But the more important question is whether energy will be devolved. I think it largely depends on how loudly we shout for it, and that all parties in Wales do it together. The ConDem coalition in Westminster won't listen to Carwyn on his own, but it's worth remembering that the Tories and LibDems in Wales want to see energy devolved to Wales, either in full or with a higher limit, as I noted in this post. See what Angela Burns had to say in the first video.

But even if the current Westminster government remains intransigent, Labour will now find it impossible to go back on this commitment, meaning that they will be obliged to deliver it when they get back into power at Westminster. The only problem is that it might take a lot longer than they expect.

MH said...

Turning now to financial matters, it is wrong to suggest that we would be producing the most expensive electricity in the world or that an independent Wales would have difficulty exporting electricity to other countries, particularly England.

We operate in a European context, in which we and all our neighbours are in the EU. All members of the EU have committed themselves to greater production through renewables, even though each country operates its own particular way of subsidizing different renewable energy technologies.

The UK has chosen to do it by means of Renewables Obligation Certificates. But these work in a way that passes the cost to the consumer, therefore exporting renewable energy to England means that consumers in England will pay the subsidy for that exported electricity through their supplier.

It is particularly worth noting that this system operates differently in Scotland and NI from the way it does in "England&Wales". For example, under the Scottish ROC scheme they have used their powers to increase the ROC tariff for tidal energy to 3 ROCs per MWh and 5 ROCs per MWh for wave energy. This obviously provides a greater incentive for these technologies to be developed in Scotland.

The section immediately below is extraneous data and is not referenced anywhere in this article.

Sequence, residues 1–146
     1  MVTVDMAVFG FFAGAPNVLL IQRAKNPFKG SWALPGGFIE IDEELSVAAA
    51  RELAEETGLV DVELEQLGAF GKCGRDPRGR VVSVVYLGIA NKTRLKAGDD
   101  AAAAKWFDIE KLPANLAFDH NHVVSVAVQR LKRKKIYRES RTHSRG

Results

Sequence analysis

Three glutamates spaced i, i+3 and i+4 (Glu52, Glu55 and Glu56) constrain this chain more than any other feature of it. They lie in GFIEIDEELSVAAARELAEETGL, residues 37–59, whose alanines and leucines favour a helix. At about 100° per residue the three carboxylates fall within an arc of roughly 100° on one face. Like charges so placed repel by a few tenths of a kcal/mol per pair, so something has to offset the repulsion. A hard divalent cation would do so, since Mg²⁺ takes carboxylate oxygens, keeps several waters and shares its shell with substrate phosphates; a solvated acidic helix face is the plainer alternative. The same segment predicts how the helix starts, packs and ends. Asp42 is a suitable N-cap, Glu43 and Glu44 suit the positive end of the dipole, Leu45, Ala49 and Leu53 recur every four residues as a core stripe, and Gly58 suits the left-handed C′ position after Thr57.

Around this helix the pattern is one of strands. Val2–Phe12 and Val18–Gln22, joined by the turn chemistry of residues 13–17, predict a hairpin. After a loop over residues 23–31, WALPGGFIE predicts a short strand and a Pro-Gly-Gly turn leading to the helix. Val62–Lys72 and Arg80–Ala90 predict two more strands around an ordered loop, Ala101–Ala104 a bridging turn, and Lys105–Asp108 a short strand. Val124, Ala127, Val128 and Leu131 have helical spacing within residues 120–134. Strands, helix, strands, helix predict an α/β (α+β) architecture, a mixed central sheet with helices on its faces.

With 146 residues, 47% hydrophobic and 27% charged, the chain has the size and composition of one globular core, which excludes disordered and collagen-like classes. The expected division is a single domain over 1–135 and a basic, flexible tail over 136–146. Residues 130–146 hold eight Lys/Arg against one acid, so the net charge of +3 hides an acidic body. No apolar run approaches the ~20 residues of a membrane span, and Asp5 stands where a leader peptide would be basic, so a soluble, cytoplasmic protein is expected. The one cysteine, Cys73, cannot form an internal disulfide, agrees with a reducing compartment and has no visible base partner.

One of the big criticisms of Westminster's energy policy (and indeed Wales' energy policy) is that it puts too much emphasis on wind and not enough emphasis on tide and wave energy. If energy was devolved to Wales, we would be able to do the same as Scotland, or more, and this might be the key to actually getting tidal lagoons up and running rather than just talking about it endlessly.

In perspective, we need to bear in mind that the subsidies that we provide for renewables serve two purposes. First to enable new technologies to be developed; and second to take account of the fact that although fossil fuel power plants are cheap to operate in simple financial terms, they become much more expensive to run when the cost of the pollution and CO2 they produce is taken into account. As yet (though we're working on it) we are not charging power generators for their emissions, so subsidizing renewables is a way of achieving the same goal, but the other way round.

In the long term, fossil fuel prices are going to keep rising. By moving to a position were we get all our energy from renewables we give ourselves ourselves a huge advantage. More of an advantage than the UK got from North Sea oil and gas, because it will be on a permanent basis.

Our renewable energy resources are one of the keys to independence. One of the reasons for all the facts and figures in this post was to show just how large just one part of those renewable resources is.

John Dixon said...

One small point strikes me. As I understand it, what Carwyn Jones (and indeed the other parties, by and large) are actually asking for is the devolution of powers over planning consent in relation to energy projects. That's not the same thing as energy policy, is it? It seems to be asking for the power to reject unpopular proposals without the responsibility for securing energy supplies.